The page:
How Much Protein Is Enough?

Written by: Emily Russo, MS, RD, CDN

Everyone has an opinion about protein. How much to eat, when to eat it, and why. So how do we know if we’re getting enough and if our diets measure up?

Everyone has an opinion about protein. How much to eat, when to eat it, and why. So how do we know if we’re getting enough and if our diets measure up?

All the conflicting studies and news reports, combined with claims made on social media, are enough to make your head spin!

Why is protein such a hot topic?
There are so many trends centered on protein these days. It would be difficult to list them all. Whether it’s branched chain amino acids, the best protein bar, or the virtues of plant-based protein – and I’m just scratching the surface here – it seems like there’s always something new to learn. Not to mention, we all secretly want to know what kind of protein Caitlin Clark is eating at breakfast. Am I right?

And while I am totally on board with “geeking” out on some fun scientific facts (Can anyone name all the essential amino acids?), this can distract us from the main event, kind of like putting the emphAsis on the wrong syllAble.

With that in mind, I’d recommend re-focusing on the big picture, to what truly makes an impact. Below, we’ll review who isn’t getting enough protein and why, which folks need to focus on protein more (and less!), and the most efficient ways to get it. And of course, we’ll be sharing some of Ann’s amazing recipes to boot!

So, what exactly is the bigger picture?
Here it is in a nutshell: If we eat enough calories, we tend to get enough protein.

While there are exceptions to this (see below), it’s comforting to know that when it comes to protein, many of us are doing just fine. I saw a quote somewhere that said, “If you have the time and headspace to think about whether or not you are getting enough protein, you probably are.”

Yes, but how much protein do we NEED?
We don’t need to be counting our daily grams of protein. Numbers are irrelevant for an otherwise healthy and independent adult, because Dietary Reference Intakes (DRIs) are developed more for a hospital or long-term care setting in which health care professionals are managing a patient’s nutrition for them.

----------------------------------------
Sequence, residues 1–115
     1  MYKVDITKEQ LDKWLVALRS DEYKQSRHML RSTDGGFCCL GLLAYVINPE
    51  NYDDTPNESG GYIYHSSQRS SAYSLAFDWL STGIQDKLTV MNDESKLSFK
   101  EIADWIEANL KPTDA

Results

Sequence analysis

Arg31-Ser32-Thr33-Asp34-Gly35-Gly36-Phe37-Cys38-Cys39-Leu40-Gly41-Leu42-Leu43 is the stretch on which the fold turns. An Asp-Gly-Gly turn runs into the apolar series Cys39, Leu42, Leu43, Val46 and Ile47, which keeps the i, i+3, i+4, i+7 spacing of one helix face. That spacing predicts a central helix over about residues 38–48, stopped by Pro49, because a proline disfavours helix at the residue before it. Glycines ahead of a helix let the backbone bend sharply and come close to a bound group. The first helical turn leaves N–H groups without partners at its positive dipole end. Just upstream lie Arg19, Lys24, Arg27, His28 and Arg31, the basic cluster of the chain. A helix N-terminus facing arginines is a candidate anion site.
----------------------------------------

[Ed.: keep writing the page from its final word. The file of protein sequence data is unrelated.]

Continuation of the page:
After all, data indicates that Americans on average are meeting their protein needs and have been for the last 20 years.

Instead, the Dietary Guidelines for Americans (DGA) 2020-2025 recommends we focus on customizing our own varied diets based on cultural and personal preferences as well as budgetary needs.

So, who is at risk for not getting enough protein?
Older Americans. As we age, adequacy becomes harder to achieve for a range of reasons including a natural decline in appetite (or interest in food) and activity levels as well as an increased need for assistance in procuring and preparing meals.

Not to mention, as early as our 40s, we start to lose muscle mass. This is especially true if we aren’t prioritizing muscle strength. Most of us are busy trying to get dinner on the table!

To help close that gap, snacks like yogurt, a small smoothie (or store-bought Ensure), peanut butter or cheese on crackers, a handful of nuts, or a scoop of tuna or egg salad are all high in protein, convenient, and broadly appealing. (links for some of ann’s recipes).

Who else?
Teenage girls. This group is more likely to experiment with dieting and food restrictions. Similar to the group above, when they don’t eat enough overall, they don’t get enough protein.

Modeling positive eating behaviors at home, in which parents are eating adequately, is important. Avoid diet talk or pressure at mealtime, as this can encourage restrictions and dieting at a young age. Show love, respect, and forgiveness towards your own body as well as the friends and family around you.